“Grandma” marked the great Lily Tomlin’s first leading role in a motion picture in 27 years, the last being 1988’s “Big Business” in which she starred opposite Bette Midler. Here she plays Ellie Reid, a misanthropic poet who is still mourning the death of her longtime partner. As the movie begins, Ellie coldly breaks up with her girlfriend (played by Judy Greer) and is met by her granddaughter Sage (Julia Garner) who desperately needs $600 dollars by sundown for an abortion. This leads Ellie and Sage to go on a road trip to get the money, and they find themselves uncovering dark secrets from the past which must be reckoned with.
“Grandma’s” press conference was held back in 2015 at the London Hotel in West Hollywood, California, and it was attended by Tomlin, the movie’s writer and director Paul Weitz, and co-star Sam Elliott.
Weitz’s previous films include “American Pie” which he co-directed with his brother Chris, “About a Boy” which featured one of Hugh Grant’s best performances, and “Being Flynn” which starred Robert De Niro and Paul Dano. Weitz previously worked with Tomlin on the movie “Admission,” and this led him to write the part of Ellie Reid with her in mind.
When it comes to writing a screenplay, one has to wonder how somebody does that. Does the writer treat it like a journey where they don’t know how it will end, or do they have the beginning, middle and end in mind when they start writing? I asked Weitz about this, and he gave us some insight on his writing process and of what story is really all about for him.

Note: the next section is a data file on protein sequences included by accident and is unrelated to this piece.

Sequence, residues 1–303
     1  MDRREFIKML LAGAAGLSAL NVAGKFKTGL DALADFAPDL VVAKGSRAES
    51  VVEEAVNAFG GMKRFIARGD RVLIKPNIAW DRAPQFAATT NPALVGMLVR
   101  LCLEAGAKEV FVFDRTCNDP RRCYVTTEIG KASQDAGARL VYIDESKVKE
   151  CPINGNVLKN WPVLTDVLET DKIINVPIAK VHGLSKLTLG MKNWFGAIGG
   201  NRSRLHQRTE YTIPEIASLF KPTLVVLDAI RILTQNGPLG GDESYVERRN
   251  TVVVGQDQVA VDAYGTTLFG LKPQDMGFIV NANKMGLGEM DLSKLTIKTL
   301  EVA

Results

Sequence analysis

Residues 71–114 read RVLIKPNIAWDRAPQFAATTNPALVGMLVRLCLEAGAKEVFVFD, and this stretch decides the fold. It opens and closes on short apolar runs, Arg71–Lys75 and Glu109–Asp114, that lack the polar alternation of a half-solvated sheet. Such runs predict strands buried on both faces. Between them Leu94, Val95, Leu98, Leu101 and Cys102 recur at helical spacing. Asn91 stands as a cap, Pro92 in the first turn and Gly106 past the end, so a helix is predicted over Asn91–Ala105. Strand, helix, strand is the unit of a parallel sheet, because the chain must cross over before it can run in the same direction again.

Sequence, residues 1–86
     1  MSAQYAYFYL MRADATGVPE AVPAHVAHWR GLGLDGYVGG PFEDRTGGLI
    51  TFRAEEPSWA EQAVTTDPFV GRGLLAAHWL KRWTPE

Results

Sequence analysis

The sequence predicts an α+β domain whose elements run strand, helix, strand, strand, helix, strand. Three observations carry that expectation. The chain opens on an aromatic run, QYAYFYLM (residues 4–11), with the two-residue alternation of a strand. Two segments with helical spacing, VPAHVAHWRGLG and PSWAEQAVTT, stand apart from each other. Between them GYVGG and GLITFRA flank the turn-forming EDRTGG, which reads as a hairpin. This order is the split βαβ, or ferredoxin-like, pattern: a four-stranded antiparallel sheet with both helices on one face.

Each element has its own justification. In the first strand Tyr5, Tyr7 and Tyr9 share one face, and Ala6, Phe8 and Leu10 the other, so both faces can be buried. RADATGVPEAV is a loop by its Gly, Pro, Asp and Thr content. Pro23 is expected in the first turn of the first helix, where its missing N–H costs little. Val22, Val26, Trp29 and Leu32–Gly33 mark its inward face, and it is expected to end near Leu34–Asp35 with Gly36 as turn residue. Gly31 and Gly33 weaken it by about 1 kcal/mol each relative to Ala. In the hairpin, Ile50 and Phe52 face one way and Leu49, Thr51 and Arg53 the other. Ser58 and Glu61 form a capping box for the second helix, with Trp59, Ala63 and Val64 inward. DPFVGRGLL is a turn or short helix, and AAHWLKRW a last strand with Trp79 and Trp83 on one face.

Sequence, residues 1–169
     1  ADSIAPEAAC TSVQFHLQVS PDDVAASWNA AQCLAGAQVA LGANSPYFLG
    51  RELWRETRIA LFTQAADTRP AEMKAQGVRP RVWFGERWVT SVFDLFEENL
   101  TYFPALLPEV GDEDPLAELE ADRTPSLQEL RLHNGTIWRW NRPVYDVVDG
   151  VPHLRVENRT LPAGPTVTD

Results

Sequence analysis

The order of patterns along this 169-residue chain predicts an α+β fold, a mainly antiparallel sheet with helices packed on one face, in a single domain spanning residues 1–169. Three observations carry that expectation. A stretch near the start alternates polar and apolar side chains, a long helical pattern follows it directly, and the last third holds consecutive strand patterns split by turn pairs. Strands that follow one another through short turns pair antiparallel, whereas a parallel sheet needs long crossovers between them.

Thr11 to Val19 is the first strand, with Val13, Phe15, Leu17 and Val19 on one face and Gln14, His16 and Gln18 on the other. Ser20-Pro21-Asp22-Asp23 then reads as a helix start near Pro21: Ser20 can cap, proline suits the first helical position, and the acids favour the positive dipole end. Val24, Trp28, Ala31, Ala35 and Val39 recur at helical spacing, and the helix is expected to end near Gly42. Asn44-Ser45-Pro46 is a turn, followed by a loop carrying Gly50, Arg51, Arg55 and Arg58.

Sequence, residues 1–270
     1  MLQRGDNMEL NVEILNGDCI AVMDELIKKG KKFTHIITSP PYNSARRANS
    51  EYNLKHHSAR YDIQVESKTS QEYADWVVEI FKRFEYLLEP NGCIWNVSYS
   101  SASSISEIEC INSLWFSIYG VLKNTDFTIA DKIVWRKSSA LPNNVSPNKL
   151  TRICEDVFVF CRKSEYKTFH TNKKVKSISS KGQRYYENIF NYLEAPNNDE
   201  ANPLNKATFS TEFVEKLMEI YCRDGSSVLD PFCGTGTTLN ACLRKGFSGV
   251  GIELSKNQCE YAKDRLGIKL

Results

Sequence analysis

Paul Weitz: In terms of the script, I do think it’s a good sign for me when I kind of know what the ending is. It’s very clear that Sage ends up learning so much from Lily’s character in the movie like learning how to stand up for herself and learning not to shy away from the fight. It’s not clear to me what Lily’s character has gained from this until the end when this sort of fierce love that she has had for her dead partner, she’s able to let go of that guilt because of the protectiveness and kindness to her granddaughter. The most emotional thing in the movie to me is not the moment where Lily is crying. It’s actually a moment where she’s laughing and she’s thinking about some old joke that her partner said which made her laugh. It’s a really private moment and I really like that, and I like that it’s about letting go of stuff and moving on to something with a lot of up to miss him despite all the crap she’s been through.
Elliott plays Karl, one of Ellie’s former lovers who is quite perturbed by her sudden reappearance in his life. The actor is of course known for his deep and resonant voice which has served him well in one movie after another whether it’s “The Big Lebowski” or “Thank You for Smoking.” This led to my question of how he manages to keep his voice so deep and bold after so many years.
Sam Elliott: Uh, I don’t know. It actually gets deeper as time goes on if that makes sense. I’ve been blessed with it I guess. I sang very early on. My mom used to drag me to sing in a choir when I was a kid, and I was always involved with these acapella choruses and different things always through school. Its good fortune as it turns out. It’s not a matter of management, it’s just gravity.
“Grandma” is a terrific comedy drama filled with strong dialogue and terrific performances, and it is worth checking out. It is now available to own and rent on DVD, Blu-ray and Digital.